Reading Crime Novels Stimulates Your Brain
Millions of readers worldwide have a passion for detective novels. In fact, when the plot is sufficiently believable, sophisticated, challenging, and even gruesome it sticks in the mind for days. We ponder, reflect, and sharpen our skills of ingenuity and intuition while considering the various suspects. We also find ourselves considering all the possible resolutions in an attempt to tie up all the loose ends.
Large publishers are aware of this fact. That’s because it’s a phenomenon that’s lasted for more than a century. In fact, although we currently have authors like Camilla Läckberg, J.D. Barker, and Donna Leon, the forerunner of this particular genre was Edgar Allan Poe.
Indeed, Poe’s character, Auguste Dupin, was the first to plunge us into the fascinating world of investigation and crime in his classic story, The Rue Morgue Murders. Later, the beloved Agatha Christie arrived on the scene, as well as Raymond Chandler, Dashiel Hammett, and Patricia Highsmith. However, what is it about these kinds of novels that prove so addictive for our brains?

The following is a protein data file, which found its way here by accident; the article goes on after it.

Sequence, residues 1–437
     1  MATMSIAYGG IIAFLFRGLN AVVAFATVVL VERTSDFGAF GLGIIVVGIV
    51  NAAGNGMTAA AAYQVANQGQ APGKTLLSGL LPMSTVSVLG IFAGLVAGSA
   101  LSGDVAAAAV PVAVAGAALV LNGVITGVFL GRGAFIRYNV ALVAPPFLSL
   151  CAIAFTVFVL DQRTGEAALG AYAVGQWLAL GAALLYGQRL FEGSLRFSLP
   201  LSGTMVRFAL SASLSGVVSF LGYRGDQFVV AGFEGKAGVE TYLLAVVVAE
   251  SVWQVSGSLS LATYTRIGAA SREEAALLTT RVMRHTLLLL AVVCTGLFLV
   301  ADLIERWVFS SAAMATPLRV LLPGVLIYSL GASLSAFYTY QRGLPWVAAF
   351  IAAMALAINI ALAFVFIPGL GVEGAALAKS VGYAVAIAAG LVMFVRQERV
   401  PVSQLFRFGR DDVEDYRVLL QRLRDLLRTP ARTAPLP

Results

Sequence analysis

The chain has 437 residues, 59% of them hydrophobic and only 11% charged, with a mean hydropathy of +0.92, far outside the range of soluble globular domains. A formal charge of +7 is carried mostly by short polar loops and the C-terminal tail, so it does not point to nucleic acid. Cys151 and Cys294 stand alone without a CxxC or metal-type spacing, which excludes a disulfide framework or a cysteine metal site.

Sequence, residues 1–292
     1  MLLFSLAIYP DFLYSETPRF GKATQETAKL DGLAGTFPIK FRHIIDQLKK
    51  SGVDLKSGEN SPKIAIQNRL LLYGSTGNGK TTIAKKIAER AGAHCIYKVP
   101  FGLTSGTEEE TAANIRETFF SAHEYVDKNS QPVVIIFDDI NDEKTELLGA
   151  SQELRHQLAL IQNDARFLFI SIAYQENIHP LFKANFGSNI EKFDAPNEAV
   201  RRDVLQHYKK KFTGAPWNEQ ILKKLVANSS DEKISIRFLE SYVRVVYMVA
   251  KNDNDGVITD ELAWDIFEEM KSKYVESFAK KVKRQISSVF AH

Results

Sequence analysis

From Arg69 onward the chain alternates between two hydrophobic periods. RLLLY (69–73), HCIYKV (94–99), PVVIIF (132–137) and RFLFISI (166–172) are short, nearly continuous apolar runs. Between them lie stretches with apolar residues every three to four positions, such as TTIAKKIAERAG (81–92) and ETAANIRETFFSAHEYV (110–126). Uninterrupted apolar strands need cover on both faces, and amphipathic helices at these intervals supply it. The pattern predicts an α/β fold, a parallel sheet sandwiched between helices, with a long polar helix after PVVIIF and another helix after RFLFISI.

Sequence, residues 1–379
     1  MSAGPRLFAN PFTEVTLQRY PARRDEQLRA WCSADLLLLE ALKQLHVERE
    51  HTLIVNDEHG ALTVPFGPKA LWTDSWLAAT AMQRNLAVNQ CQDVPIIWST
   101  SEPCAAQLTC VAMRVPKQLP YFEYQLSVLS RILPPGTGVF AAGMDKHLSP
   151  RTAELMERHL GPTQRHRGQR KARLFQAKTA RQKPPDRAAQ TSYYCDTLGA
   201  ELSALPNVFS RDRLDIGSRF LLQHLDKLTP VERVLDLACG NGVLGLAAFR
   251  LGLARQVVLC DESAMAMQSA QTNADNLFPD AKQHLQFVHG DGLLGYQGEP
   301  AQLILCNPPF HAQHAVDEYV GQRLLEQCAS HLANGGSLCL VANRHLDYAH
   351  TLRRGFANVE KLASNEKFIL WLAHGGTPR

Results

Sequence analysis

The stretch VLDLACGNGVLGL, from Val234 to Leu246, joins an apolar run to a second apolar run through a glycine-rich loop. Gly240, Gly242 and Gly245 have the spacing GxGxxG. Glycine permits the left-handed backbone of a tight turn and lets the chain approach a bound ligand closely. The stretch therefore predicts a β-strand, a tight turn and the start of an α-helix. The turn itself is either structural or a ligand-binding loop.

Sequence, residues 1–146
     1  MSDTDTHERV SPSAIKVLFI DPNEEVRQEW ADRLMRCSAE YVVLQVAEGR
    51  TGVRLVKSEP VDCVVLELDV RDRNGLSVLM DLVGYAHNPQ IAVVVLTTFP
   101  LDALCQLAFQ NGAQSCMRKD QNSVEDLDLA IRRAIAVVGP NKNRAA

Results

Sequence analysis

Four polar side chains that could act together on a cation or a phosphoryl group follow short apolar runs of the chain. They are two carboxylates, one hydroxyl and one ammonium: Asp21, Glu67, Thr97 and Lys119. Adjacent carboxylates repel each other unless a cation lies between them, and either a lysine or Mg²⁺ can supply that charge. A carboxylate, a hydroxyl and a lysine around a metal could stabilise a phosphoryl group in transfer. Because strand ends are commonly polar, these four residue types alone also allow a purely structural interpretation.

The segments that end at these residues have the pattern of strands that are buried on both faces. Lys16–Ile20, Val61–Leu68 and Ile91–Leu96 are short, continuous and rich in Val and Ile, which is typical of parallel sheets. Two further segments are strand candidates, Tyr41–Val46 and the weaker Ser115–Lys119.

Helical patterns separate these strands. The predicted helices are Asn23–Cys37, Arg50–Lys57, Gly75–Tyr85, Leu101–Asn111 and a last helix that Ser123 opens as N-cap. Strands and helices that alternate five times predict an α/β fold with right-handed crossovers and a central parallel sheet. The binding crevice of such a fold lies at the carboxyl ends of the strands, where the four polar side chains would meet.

Crime novels are cathartic. They allow us to explore the darkest side of humanity and society.
A beneficial fatal attraction
Henning Mankell said, in The Dogs of Riga, that there are no murderers, but people who commit murder. That’s probably one of the reasons why we like to read whodunits. They allow us to delve into the darkest area of the human psyche. One that shows that, under certain conditions, we’re all capable of killing.